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With the Holiday Season Upon Us…

By on January 10, 2016
Dr. Nicholas Kaloudis

Dr. Nicholas Kaloudis

With the holiday season upon us, food is everywhere. From festive holiday parties to dinners with friends and family, let’s face it, this time of year tends to center around food. And, it is perfectly OK to indulge on occasion, sans the guilt, without gaining weight. The trick is to enjoy what you are eating, and to eat mindfully while avoiding overindulging and gaining weight in the process.

For the good news, according to research published in the Journal of” Endocrinology  Diabetes and Obesity”, Americans, on average, gain just about five pounds during the holiday season, with overweight individuals gaining a bit more. This is really not too bad, as long as we keep it to just that and get back on track come the New Year.

To help avoid gaining weight this holiday season while also enjoying your favorite foods, here are some strategies that I have used successfully with my patients:

Develop some strategies before you head to the party or the dinner table to help you make healthier choices and to eat smaller portions, especially of high-calorie holiday treats.

The following strategies can help. If one does not work for you, try a different strategy at the next event or use a combination of strategies.

Drink a glass of water before you eat. Water takes up space and is calorie-free.

Start with the fruits and veggies. Many of us don’t eat enough vegetables anyway, so take this opportunity to eat the healthier options first. By the time you get to the cheesecake and chocolate dip, you may find that you have less room to overindulge in high-calorie foods.

Skip the dips and dressings, especially the creamy ones, or opt for a lower calorie version if available.

Eat slowly and wait 20 minutes before you go back for seconds or dessert. From the time you are full, it takes about 20 minutes for your digestive system to get this message to your brain. By waiting 20 minutes, you might find you don’t want seconds or dessert after all.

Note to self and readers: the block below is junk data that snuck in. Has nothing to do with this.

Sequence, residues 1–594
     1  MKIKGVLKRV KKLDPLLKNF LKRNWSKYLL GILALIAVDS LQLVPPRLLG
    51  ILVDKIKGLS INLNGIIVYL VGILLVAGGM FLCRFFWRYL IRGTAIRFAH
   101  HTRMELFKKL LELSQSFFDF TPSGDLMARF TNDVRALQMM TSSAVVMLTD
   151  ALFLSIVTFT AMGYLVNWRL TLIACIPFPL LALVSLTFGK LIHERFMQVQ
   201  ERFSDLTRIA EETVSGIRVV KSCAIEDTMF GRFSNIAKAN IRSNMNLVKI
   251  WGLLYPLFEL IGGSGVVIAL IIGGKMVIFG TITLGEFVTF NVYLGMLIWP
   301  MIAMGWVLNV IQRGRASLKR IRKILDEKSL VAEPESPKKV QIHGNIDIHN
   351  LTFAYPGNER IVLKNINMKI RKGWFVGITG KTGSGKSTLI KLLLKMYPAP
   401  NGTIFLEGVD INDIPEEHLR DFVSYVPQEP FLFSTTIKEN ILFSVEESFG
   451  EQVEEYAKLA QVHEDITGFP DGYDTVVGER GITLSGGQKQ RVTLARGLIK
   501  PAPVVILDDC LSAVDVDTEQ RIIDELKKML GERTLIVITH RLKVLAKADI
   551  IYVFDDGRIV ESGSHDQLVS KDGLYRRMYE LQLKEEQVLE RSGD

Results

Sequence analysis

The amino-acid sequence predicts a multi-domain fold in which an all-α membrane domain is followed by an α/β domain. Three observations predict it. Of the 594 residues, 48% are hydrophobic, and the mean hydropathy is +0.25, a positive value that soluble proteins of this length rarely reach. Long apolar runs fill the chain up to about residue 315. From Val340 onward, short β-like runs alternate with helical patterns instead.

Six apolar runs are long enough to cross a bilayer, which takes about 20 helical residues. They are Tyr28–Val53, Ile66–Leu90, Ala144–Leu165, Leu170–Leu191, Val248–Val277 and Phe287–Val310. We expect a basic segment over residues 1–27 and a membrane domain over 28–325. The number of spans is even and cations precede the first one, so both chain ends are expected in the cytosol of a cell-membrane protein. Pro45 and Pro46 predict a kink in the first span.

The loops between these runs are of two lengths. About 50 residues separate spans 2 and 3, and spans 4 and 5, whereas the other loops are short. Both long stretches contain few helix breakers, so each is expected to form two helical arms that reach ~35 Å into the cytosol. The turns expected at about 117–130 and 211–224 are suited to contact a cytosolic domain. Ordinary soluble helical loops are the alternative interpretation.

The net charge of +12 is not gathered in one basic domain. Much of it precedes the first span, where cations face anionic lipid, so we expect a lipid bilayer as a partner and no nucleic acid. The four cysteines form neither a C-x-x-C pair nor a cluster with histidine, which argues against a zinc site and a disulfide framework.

Try small amounts of multiple foods rather than taking two or three servings of any one food. I like doing this because my portions are smaller and I get to taste more dishes.

Limit your alcohol intake. I love a cup of holiday cheer as much as the next person, but I do not love the empty calories. Sparkling water, juice, and other beverages are good choices instead. There are significant health risks to excess drinking.

If you do have more than one alcoholic drink, make a point to drink a full glass of water between drinks. It will slow you down, fill you up, and help keep you from getting dehydrated. I have a friend who started doing this a few years ago and she drinks less — if for no other reason than she gets tired of trips to the restroom!

If you are hosting a gathering, buy the low-fat cheese for snack trays and recipes. Also buy the lower calorie eggnog. If you make eggnog from scratch, use low fat or nonfat milk.

Before indulging in a holiday treat, stop and ask yourself, “How important is this to me compared to my long-term health goals?” Pausing to ask this question may make that frosted sugar cookie less appealing.

Stick to your exercise routine during the holidays or start one. And if you are feeling inspired, add five or 10 minutes to it.

Make a list of all the good reasons you do not want to gain weight over the holidays or why you want to lose weight after the holidays. Read the list every day and remind yourself of it whenever you are tempted to overindulge.

Don’t beat yourself up if you slip up at one party or cannot resist the homemade fudge someone brought to work. Tomorrow is a new day and you will have another opportunity to do better and feel good about making healthy choices.

MERRY CHRISTMAS AND A HEALTHY AND BLESSED NEW YEAR!!!

About Dr. Nicholas Kaloudis

Dr. Nicholas Kaloudis is a highly regarded, board certified endocrinologist. He is a diplomate of the American Board of Internal Medicine and owner of EndoHealthMD, in Manhasset, NY. His center provides comprehensive specialty care using current evidence-based practices, and the latest advances in medical aesthetics. He holds an appointment as Associate Clinical Professor at North Shore University in Manhasset. He has received numerous awards, and he has published articles in the field of Endocrinology. For more information and a listing of services provided call: 516 365 1150.